CyclingTorrents - Race Video Site

Let's say that you have more time to consume content than you have content, and you're a wicked fan of cycling. Maybe Jan Ullrich was your favorite racer, and you've never seen him win gold yet in the 2000 Olympics. What do you do? Well, back in the old days you might have tried to get a paper catalog from World Cycling Productions (WCP) in hopes that they might have a video of the event in question, which would have run you at least $45USD. Now, however, thanks to the wonder of the internet, if you're willing to tread through what the site's own founders admit is a "grey area," you might be able to download free of charge a copy of the Olympic Road Race via the truly amazing website

Using the site's very simple yet thorough search feature, you'll quickly find the torrent for the race video you desire: example. You're on your own as for how to actually get the video onto your hard-drive (I don't encourage any behavior that you might find unethical or of concern), but trust me, it's not that hard.

Enjoy the show. This is a really cool site and it has made accessible some footage that would otherwise be both lost and inaccessible to the masses.

Wednesday, July 07, 2010


Much to my surprise, urbandictionary didn't contain an entry for 'friendsumer,' something I had to reassure a long-lost friend who recently contacted me looking for a referral on the Continent that he was not. I rushed through the "example of the word being used in a sentence" section, so I won't reproduce it here, but the basic definition of the word follows. Please feel free to share feedback to refine the definition or offer an alternative.

friendsumer - (noun): One who treats friends and the relationships that define them as expendable commodities to be consumed when convenient, depleted, used-up and eventually tossed-away without concern for the norms of social behavior and interaction.

Quick Reactions to Stage 4 and download some Torrents!

With today's fourth stage of the Tour de France in the books, there were a couple of interesting items that I think merited discussion, and which I'd like to (very briefly) highlight for you here.

1). Alessandro Petacchi's resurgence as a field sprinter - it brings a tear to my eye to see Ale-Jet reliving his past glories and winning a sprint against all of the best, fair-and-square. And it's reassuring to see that Petacchi's style is unchanged - he was always the type of sprinter to win with a long effort, one that wound-up to terminal velocity over 250-300m, as opposed to the punchy, explosive bursts of a rider like Cav'.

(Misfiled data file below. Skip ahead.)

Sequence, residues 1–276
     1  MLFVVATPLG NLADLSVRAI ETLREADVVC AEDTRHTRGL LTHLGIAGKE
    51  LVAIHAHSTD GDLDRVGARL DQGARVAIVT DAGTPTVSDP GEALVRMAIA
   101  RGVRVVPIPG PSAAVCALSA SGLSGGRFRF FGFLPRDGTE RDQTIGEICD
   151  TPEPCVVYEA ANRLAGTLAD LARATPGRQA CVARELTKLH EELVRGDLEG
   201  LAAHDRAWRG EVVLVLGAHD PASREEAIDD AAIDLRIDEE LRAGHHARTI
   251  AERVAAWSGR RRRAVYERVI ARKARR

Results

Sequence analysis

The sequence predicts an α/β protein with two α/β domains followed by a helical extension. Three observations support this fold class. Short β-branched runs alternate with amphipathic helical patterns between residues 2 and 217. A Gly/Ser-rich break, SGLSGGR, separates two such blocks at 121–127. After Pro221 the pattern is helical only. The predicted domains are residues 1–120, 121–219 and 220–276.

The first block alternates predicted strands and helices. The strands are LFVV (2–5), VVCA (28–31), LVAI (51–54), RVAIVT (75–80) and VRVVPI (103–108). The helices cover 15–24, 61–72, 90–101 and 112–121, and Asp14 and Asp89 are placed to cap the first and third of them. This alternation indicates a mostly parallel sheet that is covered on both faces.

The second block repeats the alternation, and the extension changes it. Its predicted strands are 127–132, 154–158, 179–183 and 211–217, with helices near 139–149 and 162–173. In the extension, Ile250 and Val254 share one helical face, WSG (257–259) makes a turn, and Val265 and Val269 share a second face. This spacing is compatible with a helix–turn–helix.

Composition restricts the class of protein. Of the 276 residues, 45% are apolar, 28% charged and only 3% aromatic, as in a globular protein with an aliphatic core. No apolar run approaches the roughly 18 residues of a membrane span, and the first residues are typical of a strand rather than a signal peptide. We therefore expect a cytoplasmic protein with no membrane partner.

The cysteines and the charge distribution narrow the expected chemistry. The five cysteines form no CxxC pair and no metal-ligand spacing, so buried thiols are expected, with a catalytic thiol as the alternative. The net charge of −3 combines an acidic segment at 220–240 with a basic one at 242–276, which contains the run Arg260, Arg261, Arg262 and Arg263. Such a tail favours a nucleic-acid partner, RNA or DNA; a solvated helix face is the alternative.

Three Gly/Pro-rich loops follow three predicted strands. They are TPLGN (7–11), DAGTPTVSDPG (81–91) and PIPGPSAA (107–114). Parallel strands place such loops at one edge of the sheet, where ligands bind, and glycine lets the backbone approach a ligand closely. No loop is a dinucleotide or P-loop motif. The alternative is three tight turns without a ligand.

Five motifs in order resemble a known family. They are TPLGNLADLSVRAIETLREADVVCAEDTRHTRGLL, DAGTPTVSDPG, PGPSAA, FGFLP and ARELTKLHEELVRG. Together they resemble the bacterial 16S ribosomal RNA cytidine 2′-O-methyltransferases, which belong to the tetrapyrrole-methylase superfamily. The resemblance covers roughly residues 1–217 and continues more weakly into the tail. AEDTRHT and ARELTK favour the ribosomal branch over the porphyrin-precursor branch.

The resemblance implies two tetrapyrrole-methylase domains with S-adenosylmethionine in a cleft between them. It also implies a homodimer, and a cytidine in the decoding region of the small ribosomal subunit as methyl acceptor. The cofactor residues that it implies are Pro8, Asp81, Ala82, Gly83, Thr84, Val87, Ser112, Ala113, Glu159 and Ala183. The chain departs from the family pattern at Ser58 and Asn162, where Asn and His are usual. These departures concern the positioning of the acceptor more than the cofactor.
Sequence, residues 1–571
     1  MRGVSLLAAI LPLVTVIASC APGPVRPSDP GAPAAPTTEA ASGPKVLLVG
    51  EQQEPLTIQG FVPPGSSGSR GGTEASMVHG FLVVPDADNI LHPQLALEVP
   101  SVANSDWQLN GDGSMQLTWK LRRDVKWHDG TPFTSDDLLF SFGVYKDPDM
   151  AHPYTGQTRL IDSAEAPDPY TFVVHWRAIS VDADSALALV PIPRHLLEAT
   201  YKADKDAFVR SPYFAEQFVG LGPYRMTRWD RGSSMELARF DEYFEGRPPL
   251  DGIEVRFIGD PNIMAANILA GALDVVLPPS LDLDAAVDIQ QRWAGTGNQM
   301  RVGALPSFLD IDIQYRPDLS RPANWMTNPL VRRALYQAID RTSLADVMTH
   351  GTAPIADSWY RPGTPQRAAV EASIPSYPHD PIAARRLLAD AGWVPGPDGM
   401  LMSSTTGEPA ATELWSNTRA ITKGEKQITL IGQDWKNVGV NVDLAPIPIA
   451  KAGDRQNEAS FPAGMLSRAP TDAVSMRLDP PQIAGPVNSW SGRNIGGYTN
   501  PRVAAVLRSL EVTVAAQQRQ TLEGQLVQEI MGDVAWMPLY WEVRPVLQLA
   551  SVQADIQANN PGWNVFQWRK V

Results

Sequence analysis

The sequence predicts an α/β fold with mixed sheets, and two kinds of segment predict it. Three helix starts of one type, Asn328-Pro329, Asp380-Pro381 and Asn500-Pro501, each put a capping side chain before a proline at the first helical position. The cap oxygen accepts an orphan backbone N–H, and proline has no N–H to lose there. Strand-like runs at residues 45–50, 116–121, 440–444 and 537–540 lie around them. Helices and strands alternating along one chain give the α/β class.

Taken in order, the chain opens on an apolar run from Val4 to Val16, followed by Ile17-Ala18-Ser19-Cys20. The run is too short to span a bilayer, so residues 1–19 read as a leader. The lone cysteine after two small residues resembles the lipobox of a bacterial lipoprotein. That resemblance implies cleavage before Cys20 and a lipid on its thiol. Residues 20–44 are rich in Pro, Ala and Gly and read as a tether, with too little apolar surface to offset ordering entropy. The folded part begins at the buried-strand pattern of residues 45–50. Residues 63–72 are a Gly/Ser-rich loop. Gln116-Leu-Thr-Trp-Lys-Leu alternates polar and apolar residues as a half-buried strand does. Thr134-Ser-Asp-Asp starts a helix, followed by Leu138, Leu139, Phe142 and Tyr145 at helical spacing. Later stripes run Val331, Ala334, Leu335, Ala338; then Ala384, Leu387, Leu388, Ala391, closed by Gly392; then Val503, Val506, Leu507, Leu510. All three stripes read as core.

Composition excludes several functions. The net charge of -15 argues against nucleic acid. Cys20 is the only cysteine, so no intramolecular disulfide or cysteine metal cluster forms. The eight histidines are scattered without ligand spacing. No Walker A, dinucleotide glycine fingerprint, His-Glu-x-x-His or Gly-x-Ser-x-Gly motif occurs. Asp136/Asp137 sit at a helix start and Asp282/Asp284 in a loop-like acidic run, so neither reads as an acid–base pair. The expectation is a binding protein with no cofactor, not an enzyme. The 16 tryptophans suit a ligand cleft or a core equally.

And though I cringe when I say it and it's dreadful to my ears, I'm 35, and Petacchi, McEwen and Dean were riders who I either tried to emulate growing up, or in some cases actually raced against (Dean). We're all long-in-the-tooth now, and it's somewhat sad to have to accept the fact that Petacchi and his erstwhile rival McEwen will be bowing out of the sport within the next two years, but what a pleasant shock to the system now to see Petacchi claw his way back to the top step of the podium after so many years in the wilderness. (Yes I know Petacchi won stages in the Giro last year, but riding for LPR was to be in the wilderness!)

If you weren't a fan of cycling back in the early-2000's when Ale-Jet was just getting fitted with those afterburners, and you don't know what all the fuss is about and why I think it's so magnificent to see him dominating the sprints thus far in the Tour, I strongly suggest you visit the CyclingTorrents website and download as much coverage from the 2003 Giro, Tour and Vuelta as you can. Petacchi's record in each:
Tour de France:
Winner stages 2, 3, 5 & 6
Giro d'Italia:
Winner stages 1, 5, 6, 13, 16 & 17
Vuelta a España:
Winner stages 3, 5, 12, 14 & 21

Oh, and in case you were wondering - yes, it is the geriatric Metamucil sprinter's Tour de France. According to, "The top five in today's stage boasted ages of 36 (Petacchi), 34 (Dean), 23 (Boasson Hagen), 38 (McEwen) and 33 (Hunter), with the Norwegian at least a decade younger than the next youngest man in the first five over the line" 

Lat year's bad-boy wunderkind Mark Cavendish, who finally it would seem is being force-fed a heaping serving of humble pie, should listen to Thor Hushovd and perhaps give the Norwegian's classy-style a test ride for himself. Again according to, "Points classification leader Thor Hushovd (Cervélo TestTeam) was impressed by the performance of Alessandro Petacchi (Lampre-Farnese Vini) at the finish of the fourth stage in Reims on Wednesday, as the Italian celebrated his second Tour de France stage victory having already won in Brussels on Sunday. 'Petacchi is really strong,' Hushovd told Cyclingnews. 'He is absolutely the best sprinter in this race at the moment.'"

2). Payback is a bitch and she's about to bend Mark Cavendish over a barrel. It will be interesting to see whether Cav's public persona starts trending towards a more reasonable, respect-my-colleagues self-confidence, or whether he'll continue to be a brash little boor who denigrates and insults even his teammates. André Greipel certainly hasn't forgotten how Cavendish disrespected him in public and insulted his fellow HTC-Columbia sprinter in the press (image courtesy of NYVelocity, home of "As the Toto Turns").

The big (really big) German, who is racing the Tour of Austria while Cav' is in France, had this to say about the whining little Tommy:

"Scheiße! Cavendish ist langsamer als meine Mutter! Ich wünsche,dass ich in Frankreich war. Warum bin ich in Österreich, nicht in Frankreich?"

"Shit! Cavendish is slower than my mother! I wish I was in France. Why I am in Austria, not in France?"


Don't forget to follow us on Twitter, where we tend to more frequently comment on the bike game and share hints of scandal and intrigue to come. It's anomalous that so much content has been posted here in the last few days, but credit the Tour-effect for that. Lastly, Pappillon is in desperate need of motivation and a task-master to push us to follow through on a full plate's worth of stalled projects. If ANYONE has any suggestions (even vulgar ones) as to how we can reinvent ourselves and find the focus required to get back on track, please share via comments. Thanks.